Education is the foundation of basic life skills and street smarts. While education might sound like a fancy technical term, it’s really everything we learn in life about how to best conduct ourselves from day to day.

Education can be the most freeing and empowering thing in the entire world!

Live Life To The Fullest

Truly living life to the fullest means being well-educated and holding a vast amount of knowledge about the world around us. It also means we continue to learn every day in all kinds of forms, whether it be from the people around us, newspapers, experiences, research, or traditional classes.

Breaks Barriers

Education breaks barriers between people, and allows people from across the globe to be empowered.

University of the People, a tuition-free , online university, is one powerful example of how education is being revolutionized – they offer students of all socio-economic backgrounds an equal chance at education.

Once upon a time, such a thing wouldn’t have been possible, but today such places like UoPeople have proven that these barriers truly can be broken through to receive higher education.

You Become Your Highest You

Education can allow you to become the best, fullest version of yourself, learning about what interests you, what you’re good at, becoming self-aware and conscious about the world around you. It can help you establish your place in this world, and feel complete.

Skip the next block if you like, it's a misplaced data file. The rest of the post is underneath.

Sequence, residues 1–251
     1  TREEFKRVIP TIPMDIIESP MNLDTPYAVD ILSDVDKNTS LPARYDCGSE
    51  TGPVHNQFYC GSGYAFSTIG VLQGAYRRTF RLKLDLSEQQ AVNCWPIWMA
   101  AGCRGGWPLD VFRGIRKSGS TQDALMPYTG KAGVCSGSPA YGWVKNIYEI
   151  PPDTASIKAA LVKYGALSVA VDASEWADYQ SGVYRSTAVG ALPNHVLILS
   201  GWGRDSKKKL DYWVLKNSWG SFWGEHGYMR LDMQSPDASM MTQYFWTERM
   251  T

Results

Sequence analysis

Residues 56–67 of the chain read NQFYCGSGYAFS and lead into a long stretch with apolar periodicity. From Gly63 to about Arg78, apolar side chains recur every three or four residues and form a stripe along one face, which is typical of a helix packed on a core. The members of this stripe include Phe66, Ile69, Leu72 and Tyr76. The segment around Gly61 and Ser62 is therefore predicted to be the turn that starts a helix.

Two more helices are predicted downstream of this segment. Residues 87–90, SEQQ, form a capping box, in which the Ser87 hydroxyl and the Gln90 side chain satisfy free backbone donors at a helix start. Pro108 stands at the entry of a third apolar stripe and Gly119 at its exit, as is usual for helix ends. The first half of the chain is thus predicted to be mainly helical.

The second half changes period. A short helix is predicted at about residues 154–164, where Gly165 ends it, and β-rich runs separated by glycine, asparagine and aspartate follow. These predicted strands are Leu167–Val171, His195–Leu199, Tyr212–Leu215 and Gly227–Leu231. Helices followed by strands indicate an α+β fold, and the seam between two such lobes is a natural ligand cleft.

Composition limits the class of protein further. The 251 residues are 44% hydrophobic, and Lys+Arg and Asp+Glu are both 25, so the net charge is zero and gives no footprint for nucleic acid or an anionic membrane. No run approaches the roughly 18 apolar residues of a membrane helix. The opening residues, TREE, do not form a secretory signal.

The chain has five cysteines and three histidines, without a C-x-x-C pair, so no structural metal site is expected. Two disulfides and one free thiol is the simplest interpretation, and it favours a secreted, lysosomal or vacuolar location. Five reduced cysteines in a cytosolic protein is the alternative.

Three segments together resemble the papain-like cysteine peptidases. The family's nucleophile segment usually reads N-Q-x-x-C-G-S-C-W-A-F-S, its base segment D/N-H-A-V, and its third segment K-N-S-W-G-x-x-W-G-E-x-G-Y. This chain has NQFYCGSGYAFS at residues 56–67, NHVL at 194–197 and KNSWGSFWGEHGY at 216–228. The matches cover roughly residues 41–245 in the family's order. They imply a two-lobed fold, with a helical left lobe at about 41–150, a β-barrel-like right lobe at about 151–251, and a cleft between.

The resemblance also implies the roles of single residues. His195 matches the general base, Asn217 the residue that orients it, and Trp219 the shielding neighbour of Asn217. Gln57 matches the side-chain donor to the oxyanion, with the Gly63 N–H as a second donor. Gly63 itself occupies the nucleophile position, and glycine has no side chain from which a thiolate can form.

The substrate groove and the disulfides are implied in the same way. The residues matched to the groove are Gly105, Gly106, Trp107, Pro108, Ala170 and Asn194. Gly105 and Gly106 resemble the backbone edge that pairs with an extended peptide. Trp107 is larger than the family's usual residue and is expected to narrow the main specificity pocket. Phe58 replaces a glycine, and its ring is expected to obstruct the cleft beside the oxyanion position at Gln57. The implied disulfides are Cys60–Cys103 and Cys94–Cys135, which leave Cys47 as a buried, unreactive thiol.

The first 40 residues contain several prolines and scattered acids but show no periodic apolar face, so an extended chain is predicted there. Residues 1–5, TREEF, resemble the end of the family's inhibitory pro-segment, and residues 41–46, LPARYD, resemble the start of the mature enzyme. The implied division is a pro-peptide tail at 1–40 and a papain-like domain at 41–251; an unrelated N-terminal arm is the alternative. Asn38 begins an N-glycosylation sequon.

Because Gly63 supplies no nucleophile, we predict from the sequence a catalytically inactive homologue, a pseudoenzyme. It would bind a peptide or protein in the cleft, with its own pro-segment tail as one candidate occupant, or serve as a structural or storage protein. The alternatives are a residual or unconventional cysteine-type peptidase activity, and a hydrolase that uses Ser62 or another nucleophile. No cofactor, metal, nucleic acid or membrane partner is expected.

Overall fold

Education In The Modern World

Education today is more important than ever before, and has reached new heights with new understandings of what it truly entails. Ask yourself “Why is education important?” and it will surely not be the same as anyone else’s answer.

While in modern society, holding a college degree is considered to be highly beneficial for a successful career and to be socially accepted, it is not the only means of education. Education is all around us in everything that we do, so use it wisely!

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The importance of curriculum development in enhancing teaching and learning.

Teacher instructs his students, helps work through a project

Delve into the crucial role of curriculum development as we unravel the multifaceted landscape of curriculum decisions and their impact on students and teachers. From defining terms like curriculum and curriculum development to examining the stakeholders involved, this blog navigates the complex terrain of educational policy, answering questions such as "Why is curriculum development important in teaching?" and "How does the curriculum affect the teaching and learning process?" Join us on this educational journey to understand the dynamic and iterative curriculum development process.

Curriculum’s Reach Extends Beyond the Classroom

Curriculum decisions have far-reaching consequences for students and teachers in K-12 schools. The decisions made in public schools are often hotly debated. The triggers for controversy include societal issues and agendas, the goals and effectiveness of the education, and funding. These debates underscore the importance of curriculum development in enhancing teaching and learning.